Weekly Market Recap


President’s Trump and Xi agreed to restart trade negotiations following their meeting at the G20 summit in Japan. President Trump said that China has agreed to buy “tremendous” amounts of US farm goods but no details on what products or how much will be bought. Chinese sources saying they will make some ‘goodwill’ purchases of US beans, corn, and pork as trade talks set to resume.  The shocking acreage and stocks report is still be digested by the market trying to determine what is really out there. The focus going forward will be on the USDA’s decision to re-survey acres and their findings.  This could drag on until the October crop before it all gets figured out.  


Army worms have been detected in the major corn producing province in China.  So far, no damage is being reported from that area. As the week went on, more reports of army worms spreading to different area of China have surfaced.   

The corn market opened the week with a tame overnight session, but the bearishness of the acreage report and a bearish outside day key reversal last week provided too much pressure.  Corn tried to fill the gaps left open from back in May.  Corn export inspections were flat out terrible.  This was the lowest inspection figure of the year at 272,000 tons.  This is also the lowest total going back to November 2015.  Corn conditions held steady at 56% good/excellent.  This is about 20% below normal and falls in line with the disaster years of 1993 and 2012.  USDA May grain crush report put corn used for ethanol at 459 mil bushels, below market expectations. Milo for ethanol used was 9.3 mil bushels. Ethanol Production increased by 9,000 bpd this week to 1,081,000 bpd. This matches the 2nd highest production level of the year. Ethanol inventories jumped sharply higher by 1.2 million barrels to 22.8 million barrels. This is the biggest weekly build in stocks in 16 months.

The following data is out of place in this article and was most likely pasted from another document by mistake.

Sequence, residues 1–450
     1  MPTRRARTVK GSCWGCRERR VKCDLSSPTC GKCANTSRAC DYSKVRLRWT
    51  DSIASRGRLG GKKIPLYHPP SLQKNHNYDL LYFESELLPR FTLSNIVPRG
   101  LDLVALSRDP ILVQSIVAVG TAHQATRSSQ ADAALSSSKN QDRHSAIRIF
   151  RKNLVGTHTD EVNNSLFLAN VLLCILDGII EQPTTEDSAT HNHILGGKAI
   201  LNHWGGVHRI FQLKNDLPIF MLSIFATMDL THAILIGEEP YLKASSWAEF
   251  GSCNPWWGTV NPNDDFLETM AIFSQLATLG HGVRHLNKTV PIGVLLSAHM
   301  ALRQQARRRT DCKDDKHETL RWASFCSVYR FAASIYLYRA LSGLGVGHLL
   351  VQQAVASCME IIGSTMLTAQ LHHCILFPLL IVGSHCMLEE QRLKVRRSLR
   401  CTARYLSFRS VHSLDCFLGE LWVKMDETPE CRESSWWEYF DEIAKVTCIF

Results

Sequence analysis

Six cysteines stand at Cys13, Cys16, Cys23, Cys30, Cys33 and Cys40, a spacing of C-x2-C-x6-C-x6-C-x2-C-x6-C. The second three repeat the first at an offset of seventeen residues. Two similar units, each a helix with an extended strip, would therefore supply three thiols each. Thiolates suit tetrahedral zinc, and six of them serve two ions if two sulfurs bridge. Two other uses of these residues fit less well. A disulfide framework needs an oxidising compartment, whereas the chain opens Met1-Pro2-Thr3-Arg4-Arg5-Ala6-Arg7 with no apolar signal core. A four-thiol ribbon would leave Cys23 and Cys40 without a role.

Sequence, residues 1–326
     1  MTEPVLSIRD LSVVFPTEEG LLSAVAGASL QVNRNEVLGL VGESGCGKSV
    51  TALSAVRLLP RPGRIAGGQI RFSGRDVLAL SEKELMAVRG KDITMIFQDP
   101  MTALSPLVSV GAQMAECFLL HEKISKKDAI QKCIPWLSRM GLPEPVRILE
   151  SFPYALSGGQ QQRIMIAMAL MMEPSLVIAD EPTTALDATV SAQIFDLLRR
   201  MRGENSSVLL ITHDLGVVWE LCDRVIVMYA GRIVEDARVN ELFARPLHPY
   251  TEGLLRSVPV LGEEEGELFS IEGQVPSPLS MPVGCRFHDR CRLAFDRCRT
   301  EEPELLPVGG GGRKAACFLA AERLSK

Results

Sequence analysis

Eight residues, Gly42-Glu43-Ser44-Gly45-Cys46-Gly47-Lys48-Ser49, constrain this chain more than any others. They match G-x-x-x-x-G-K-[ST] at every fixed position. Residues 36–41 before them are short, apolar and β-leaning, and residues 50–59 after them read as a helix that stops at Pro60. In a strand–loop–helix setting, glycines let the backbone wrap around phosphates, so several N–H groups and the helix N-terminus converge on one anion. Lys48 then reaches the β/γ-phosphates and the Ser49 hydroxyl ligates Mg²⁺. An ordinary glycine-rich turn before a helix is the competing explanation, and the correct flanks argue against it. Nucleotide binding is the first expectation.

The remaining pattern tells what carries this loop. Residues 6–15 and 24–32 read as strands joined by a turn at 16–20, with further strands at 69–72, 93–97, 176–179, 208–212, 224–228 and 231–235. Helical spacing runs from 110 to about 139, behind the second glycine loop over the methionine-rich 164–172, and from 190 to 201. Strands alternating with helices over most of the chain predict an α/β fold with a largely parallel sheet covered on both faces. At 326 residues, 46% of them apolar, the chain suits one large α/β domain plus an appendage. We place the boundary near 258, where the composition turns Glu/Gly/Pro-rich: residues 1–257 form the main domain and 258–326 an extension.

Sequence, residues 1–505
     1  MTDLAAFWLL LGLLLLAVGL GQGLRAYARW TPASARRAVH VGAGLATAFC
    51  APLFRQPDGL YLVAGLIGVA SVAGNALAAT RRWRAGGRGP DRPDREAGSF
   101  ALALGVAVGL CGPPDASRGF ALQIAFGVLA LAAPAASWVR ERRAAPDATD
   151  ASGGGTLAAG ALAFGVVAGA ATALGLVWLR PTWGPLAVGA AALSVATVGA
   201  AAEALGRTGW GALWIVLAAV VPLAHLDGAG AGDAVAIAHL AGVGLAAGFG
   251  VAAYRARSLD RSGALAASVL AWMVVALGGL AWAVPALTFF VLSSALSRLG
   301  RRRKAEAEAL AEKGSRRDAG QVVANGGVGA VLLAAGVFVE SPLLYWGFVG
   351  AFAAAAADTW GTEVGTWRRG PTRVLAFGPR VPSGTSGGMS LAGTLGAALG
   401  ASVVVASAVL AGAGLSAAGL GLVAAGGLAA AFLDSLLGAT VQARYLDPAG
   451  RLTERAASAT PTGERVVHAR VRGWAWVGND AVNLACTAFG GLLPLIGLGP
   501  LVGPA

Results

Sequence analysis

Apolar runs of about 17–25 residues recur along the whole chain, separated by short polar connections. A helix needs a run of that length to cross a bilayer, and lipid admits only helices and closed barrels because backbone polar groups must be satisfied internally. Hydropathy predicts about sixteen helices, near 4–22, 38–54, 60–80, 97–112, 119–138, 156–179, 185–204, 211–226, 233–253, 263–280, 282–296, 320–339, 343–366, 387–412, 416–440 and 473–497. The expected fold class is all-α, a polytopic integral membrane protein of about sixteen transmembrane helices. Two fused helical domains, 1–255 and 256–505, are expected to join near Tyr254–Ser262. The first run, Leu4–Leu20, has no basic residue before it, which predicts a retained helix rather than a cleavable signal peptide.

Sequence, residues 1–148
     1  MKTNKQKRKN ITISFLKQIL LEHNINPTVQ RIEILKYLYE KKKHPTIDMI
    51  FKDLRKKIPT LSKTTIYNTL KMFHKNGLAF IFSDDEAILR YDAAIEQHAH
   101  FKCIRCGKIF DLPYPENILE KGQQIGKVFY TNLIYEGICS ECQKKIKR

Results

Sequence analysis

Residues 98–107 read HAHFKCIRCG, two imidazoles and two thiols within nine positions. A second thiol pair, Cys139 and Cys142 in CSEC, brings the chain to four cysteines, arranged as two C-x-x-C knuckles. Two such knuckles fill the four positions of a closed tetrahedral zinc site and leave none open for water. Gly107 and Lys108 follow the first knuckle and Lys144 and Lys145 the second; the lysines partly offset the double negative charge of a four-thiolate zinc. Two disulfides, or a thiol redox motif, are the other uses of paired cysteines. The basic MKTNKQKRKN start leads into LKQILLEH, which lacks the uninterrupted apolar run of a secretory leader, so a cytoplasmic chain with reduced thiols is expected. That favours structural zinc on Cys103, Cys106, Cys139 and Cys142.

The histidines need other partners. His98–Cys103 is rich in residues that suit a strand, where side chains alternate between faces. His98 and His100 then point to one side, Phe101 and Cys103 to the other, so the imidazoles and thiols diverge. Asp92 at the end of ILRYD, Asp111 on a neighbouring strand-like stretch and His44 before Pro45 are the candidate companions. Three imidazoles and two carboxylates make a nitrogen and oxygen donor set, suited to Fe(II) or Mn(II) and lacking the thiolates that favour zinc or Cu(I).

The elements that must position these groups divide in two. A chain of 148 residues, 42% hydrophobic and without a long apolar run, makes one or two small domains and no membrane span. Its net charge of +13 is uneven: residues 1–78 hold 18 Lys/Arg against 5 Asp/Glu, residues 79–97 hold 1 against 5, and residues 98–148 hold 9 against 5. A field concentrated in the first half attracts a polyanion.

IKAR dropped the Russian wheat production estimate to 79.3 mil tons due to hot, dry weather, but the Russian Ag Ministry has made no changes yet.

Wheat export inspections were ok at 609,000 tons.  Every week roughly 45-60% of the inspection total is made up of HRW wheat. Winter wheat harvest advanced to 30% complete but that is still well behind the 5 year average of 48%.  Lots of harvest activity occurring now in Kansas with huge variability in yields and proteins on the lower side. 


Soybean export inspections were seasonally in line at 719,000 tons.  Soybean plantings advanced to 92% complete.  The 5 year average is 99%.  This means we still have 5 to 7 million acres of soybeans left to plant. Soybean emergence is 83%.  There is a lot of acres that have yet to come out of the ground and we are now into July.  The good/excellent rating on soybeans held steady at 54%.  This is about 15% below average.  Export sales for soybeans showed some signs of life this week.  Combined sales topped 1 million tons for the first time since March.  China was the main reason buying over 600,000 tons of old crop beans.


Vietnam is saying that a swine fever vaccine could come very soon.  Apparently, it is being tested already in northern Vietnam with good success. Cash cattle traded in a $109-$112 range this week which was steady to slightly better than the previous week. Packer margins are still crazy good at $200/head.     


WTI has been supported by a strong US jobs report which signifies increased demand, and ongoing tension with Iran. British special forces seized an Iranian oil tanker off the coast of Gibraltar that was on its way to Syria. Some OPEC members were irked (particularly Iran), that Russia’s President Putin (Russia is not an OPEC member) announced at the G-20 over the weekend that OPEC+ was extending cuts by 1.2 million bpd before OPEC had met.